Reason for removal: Buxton is going to be a star someday, but the futility has continued for him this spring. He's still likely to make the opening day roster, but the Twins have enough outfield alternatives that it's no guarantee. Given the upside, you have nothing to lose by investing a late-round pick in him, so I'm not removing him so much as downgrading him. Truth is I find myself gravitating toward Wil Myers and Mark Trumbo at that same point in the draft.
If you saw the deal Rich Hill got this offseason, you might have just assumed Billy Beane had a screw loose again, handing $6 million to a player who had gotten mostly minor-league deals the last few years. But that's probably because you stopped paying attention in September, when Hill did his best impression of Chris Sale. Not only did he join Sale in becoming one of just seven pitchers in 2015 with three double-digit strikeout efforts in a row (an especially impressive feat considering he made four starts total), but one of those starts was a shutout and, between the three, he allowed a total of 10 hits over 23 innings. You want to get a penny-pinching data-driven organization to shell out for a small sample size? Have one like that. Now, for a little history. Way back in 2007, a soft-tossing lefty with a wicked curveball took the majors by surprise, striking out about a batter per inning to give the division-winning Cubs the ideal complement to hard-throwing Carlos Zambrano. He lost command of his pitches the following year, turning them into live batting practice when the wind was blowing out at Wrigley Field, and spent the next few years bouncing from organization to organization until one finally realized that he needed Tommy John surgery. That soft-tossing lefty was, of course, Hill, whose squandered opportunity put him back on the Island of Misfit Toys for the Athletics to rescue as only they can. If last September is any indication, the wicked curveball is back, and if his command goes south on him again, he might just survive it pitching half his games at O.co Coliseum. The Athletics' faith should count for something here as well. They usually sign players they expect to outperform their contracts.
Reason for removal: Hill has been a mechanical mess this spring, turning in a 15.26 ERA that again makes him look like he's throwing batting practice. And yes, he could iron out those issues and still well exceed his draft position, but his struggles reminded me what a nightmare he was to own during that 2007 season. He more or less lives and dies with his curveball. It's like the knuckleball was for Tim Wakefield: When it's breaking right, he dominates, but when it's not, he gets pounded. I just can't muster the same enthusiasm with those memories now top of mind.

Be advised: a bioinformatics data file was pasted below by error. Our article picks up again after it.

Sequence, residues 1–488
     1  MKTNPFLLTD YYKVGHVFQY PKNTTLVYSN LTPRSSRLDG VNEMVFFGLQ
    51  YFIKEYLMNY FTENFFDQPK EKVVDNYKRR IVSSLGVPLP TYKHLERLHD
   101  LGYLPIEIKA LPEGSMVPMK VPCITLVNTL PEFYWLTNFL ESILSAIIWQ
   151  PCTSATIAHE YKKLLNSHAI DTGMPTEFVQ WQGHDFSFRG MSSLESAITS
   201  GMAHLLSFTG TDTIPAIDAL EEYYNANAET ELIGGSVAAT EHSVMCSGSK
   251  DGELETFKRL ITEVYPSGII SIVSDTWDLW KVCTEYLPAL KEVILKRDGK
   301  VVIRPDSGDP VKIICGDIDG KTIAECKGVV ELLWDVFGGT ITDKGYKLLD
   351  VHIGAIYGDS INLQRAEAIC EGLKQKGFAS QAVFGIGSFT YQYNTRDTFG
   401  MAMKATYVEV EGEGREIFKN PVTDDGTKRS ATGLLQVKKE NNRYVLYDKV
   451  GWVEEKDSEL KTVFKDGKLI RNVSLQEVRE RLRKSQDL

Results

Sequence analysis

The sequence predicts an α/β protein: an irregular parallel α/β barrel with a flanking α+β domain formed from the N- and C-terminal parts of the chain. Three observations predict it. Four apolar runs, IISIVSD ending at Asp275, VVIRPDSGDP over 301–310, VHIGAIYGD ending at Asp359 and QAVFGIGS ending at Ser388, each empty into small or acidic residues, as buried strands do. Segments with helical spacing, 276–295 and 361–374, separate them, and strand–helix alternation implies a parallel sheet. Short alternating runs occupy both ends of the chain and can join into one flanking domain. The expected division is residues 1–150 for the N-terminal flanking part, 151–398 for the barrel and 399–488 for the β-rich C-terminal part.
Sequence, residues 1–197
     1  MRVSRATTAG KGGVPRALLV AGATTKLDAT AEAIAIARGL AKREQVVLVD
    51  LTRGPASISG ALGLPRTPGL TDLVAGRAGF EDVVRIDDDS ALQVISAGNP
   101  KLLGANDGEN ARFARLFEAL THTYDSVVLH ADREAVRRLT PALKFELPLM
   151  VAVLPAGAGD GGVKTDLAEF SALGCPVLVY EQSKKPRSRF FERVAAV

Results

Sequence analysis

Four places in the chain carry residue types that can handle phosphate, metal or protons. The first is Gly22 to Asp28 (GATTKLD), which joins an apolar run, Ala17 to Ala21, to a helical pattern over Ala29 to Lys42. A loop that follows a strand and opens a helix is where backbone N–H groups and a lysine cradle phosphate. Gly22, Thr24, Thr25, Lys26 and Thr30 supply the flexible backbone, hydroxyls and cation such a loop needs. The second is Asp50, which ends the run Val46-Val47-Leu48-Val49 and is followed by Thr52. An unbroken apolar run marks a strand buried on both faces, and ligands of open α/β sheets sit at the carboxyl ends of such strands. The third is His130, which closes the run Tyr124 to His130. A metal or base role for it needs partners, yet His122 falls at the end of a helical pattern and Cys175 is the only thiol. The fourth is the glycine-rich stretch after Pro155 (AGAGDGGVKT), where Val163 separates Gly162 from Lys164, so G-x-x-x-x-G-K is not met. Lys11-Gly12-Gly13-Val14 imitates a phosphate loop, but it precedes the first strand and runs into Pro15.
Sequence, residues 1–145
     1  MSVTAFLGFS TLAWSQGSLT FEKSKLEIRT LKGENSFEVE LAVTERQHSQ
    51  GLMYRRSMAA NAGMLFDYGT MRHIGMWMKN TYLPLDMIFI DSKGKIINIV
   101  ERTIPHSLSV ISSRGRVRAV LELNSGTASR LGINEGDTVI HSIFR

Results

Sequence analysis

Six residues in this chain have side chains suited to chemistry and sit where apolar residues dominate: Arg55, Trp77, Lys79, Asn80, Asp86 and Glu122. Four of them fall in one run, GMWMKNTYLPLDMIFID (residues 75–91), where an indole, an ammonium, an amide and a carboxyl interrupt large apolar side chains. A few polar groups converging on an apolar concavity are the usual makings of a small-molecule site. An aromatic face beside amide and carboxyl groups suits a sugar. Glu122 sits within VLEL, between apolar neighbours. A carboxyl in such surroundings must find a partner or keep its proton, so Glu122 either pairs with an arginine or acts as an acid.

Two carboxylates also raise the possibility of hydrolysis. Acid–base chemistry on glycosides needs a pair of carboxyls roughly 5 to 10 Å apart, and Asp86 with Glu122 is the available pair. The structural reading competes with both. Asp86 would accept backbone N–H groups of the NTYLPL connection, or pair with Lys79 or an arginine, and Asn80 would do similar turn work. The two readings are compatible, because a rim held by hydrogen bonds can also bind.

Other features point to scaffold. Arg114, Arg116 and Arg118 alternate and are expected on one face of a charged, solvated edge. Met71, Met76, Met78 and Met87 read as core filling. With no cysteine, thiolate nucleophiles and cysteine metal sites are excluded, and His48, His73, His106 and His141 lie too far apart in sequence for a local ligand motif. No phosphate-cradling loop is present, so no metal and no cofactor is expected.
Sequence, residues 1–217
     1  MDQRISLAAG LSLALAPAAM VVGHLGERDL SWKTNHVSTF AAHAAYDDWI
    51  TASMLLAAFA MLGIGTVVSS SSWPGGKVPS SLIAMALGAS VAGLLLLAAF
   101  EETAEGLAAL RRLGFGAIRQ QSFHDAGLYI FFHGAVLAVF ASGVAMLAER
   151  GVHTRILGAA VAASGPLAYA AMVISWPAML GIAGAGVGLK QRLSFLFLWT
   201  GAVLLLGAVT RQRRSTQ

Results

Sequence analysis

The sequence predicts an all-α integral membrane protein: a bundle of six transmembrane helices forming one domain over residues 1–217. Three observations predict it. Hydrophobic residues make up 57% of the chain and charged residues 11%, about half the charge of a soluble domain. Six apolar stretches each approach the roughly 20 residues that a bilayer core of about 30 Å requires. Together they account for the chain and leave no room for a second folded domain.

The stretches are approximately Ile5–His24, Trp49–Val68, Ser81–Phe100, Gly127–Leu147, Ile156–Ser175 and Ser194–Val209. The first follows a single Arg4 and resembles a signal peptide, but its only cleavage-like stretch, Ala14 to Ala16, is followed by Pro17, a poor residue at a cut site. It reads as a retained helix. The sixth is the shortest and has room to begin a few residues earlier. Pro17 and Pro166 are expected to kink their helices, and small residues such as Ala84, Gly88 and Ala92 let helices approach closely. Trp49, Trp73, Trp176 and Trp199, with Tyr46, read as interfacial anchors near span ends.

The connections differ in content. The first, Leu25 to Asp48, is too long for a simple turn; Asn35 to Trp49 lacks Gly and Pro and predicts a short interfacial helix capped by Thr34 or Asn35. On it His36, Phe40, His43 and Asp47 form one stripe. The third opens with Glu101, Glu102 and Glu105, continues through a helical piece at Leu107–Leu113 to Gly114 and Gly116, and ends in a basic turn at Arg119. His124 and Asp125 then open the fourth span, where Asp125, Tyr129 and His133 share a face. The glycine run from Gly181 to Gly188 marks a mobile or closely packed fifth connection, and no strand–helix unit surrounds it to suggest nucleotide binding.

That may have been setting the bar too low. It didn't seem that way until the Angels gave him a chance to play regularly over the final three months last year. In 263 at-bats, he hit .289 with 14 home runs and an .835 OPS. By comparison, Trumbo's career highs are a .268 batting average and .808 OPS. He has had a couple 30-homer seasons, but he isn't exactly a hot commodity in Fantasy these days, his power muted by his inability to make regular contact. Cron may not be a contact hitter, but he struck out about one every five at-bats last year and had an even lower rate in the minors. In other words, he figures to get some hits of the non-homer variety as well, which is what distinguishes him from the all-or-nothing Trumbo. Whether or not it translates to batting average remains to be seen, but considering he hit .262 with bad BABIP luck, I'm cautiously optimistic. While Trumbo's biggest problem is making enough contact to tap into his power potential, Cron's has simply been playing time. That's going to change with Albert Pujols sidelined for at least a month because of foot surgery, making Cron a sneaky late-round corner infielder in Rotisserie leagues.